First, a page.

The Drive Through

Three weeks ago I booked a blood test at one of the regular blood collection locations in the region – last week, when I arrived the waiting room was full, the hallway was full – at least a two hour wait (several lab technicians were absent due to COVID-19 exposure). My test wasn’t urgent so I went back to my car, cancelled the appointment on my iPhone then booked another for a week later – today. The speediest location where I could book an online appointment (only online/telephone booking is available right now, no walk-in) was at the Dartmouth General Hospital Blood Collection Drive-through.

Today, I remembered to take the requisition paper and my appointment confirmation printout with me when I went to the pool, my appointment was for 11:10. Because I wasn’t sure precisely where I was going, I headed to the DGH right after my aquacise session to give myself time to get lost – in fact, I didn’t have a problem. I took the Mt. Hope exit from the 111 highway; stayed on Mt. Hope until I reached the DGH. The turn into the Drive-through was well marked.

The drive thru saves time because during the COVID-19 pandemic, disinfecting the blood-collection chair between patients takes between five and 10 minutes. (Catherine Buckie) – image from: https://www.cbc.ca/news/canada/nova-scotia/drive-thru-blood-testing-dartmouth-1.5733364 (I didn’t think to take a picture of the garage door ahead of me while I waited to enter)

I was greeted by a woman warmly dressed in a parka who directed me to follow the red truck ahead of me, which I did. I reached a booth with a young woman who asked me to put my mask on and to hand her my requisition and appointment information, which I did. She signed me in, then asked me to inch forward and wait at the garage door ahead of me.

It felt like going to the car wash!

I turned off my car, waited for the garage door to open. Started my car, drove forward until I reached a designated spot just before the exit garage door (just like at the car wash), then turned my car off as directed by the signs in front of me.

I didn’t need to get out of my car – I rolled down my window, took off my jacket, pulled my left arm out of my sweater sleeve, handed my blood requisition to the technician who asked for it, stuck my arm out the driver side window. She quickly took a couple of vials of blood.

I was asked by another woman (interesting, the drive-through idea was a woman’s, the facility was staffed by women…) if I’d be willing to answer a few questions: How did I rate the experience 1-5 – I gave it a 10! Would I do this again – absolutely! Would I recommend it to others – you bet!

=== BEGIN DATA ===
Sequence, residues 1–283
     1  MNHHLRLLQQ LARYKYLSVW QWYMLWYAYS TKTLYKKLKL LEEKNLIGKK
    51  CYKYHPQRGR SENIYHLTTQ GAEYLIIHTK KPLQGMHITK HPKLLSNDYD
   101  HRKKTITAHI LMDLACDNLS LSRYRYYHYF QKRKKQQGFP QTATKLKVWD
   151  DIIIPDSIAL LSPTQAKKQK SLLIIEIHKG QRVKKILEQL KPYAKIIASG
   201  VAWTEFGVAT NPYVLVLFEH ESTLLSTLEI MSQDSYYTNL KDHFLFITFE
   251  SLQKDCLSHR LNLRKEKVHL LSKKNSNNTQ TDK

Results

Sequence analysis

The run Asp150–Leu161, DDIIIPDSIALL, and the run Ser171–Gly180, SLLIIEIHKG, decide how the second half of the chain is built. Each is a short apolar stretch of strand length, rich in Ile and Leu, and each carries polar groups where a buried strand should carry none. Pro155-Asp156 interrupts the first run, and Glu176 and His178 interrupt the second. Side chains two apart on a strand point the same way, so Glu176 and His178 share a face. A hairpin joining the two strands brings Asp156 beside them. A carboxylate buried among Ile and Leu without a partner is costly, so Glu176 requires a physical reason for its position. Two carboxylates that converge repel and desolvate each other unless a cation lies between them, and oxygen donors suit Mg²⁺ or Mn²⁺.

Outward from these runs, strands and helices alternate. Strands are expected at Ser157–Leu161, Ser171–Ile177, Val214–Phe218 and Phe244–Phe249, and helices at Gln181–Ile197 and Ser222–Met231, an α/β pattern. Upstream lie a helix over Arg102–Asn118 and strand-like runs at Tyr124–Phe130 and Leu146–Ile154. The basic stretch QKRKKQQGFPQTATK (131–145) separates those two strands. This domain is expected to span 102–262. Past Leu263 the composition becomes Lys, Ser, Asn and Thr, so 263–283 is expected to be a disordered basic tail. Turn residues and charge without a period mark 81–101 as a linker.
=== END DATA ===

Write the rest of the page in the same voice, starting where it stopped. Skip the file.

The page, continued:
I was in, and out, in 10 minutes!

Everybody was friendly and efficient.

In the lane next to the blood collection drive-through, was a COVID-19 vaccination drive-through – the line of cars was longer there but I bet the whole thing was reasonably quick as well.

Somebody’s doing some innovating – I applaud them and for sure support their efforts. The initiative needs to be expanded to many locations in the province.

So I’m spreading the word – if you’ve got a drive-through site for blood work or vaccination – use it! If you don’t have either, contact your public health officials and recommend they consider the possibility.

Oh, and by the way, I’ve signed up to build more Rapid Test Kits this coming week. Here in NS a large number of volunteers are doing our best to meet the demand for Rapid Test Kits.

5 thoughts on “The Drive Through

  1. We had drive through in the summer months but in the winter they turn most of them to walk through. The line ups are too long and the idle times crazy. 6 hours in a line up at -35 with no bathroom spots. A LONG TIME. Glad it is working well for your area.

    • That could happen here – I think most people don’t know about it. Besides there are a large number of other blood collection sites which are quite speedy when there’s adequate staff to meet appointments – right now, many technicians are either ill or isolating causing the delays. Things could improve in a couple of weeks.

    • I’ve been thinking about the lines problem – here you have to sign up online for an appointment at a specific time on a specific day. The appointments are limited by the number of staff they have to operate the site so you arrive in time for your appointment. The only way long lines can happen is if staffers are sick, or isolating, and the site is short staffed – that did happen to me at one of the normal blood collections locations but on the whole, our system for diagnostic testing (blood, xray, etc) is on an appointment basis and while that’s infuriating because you sometimes have a rather long wait for an appointment, when you get to your appointment it’s generally clear sailing.

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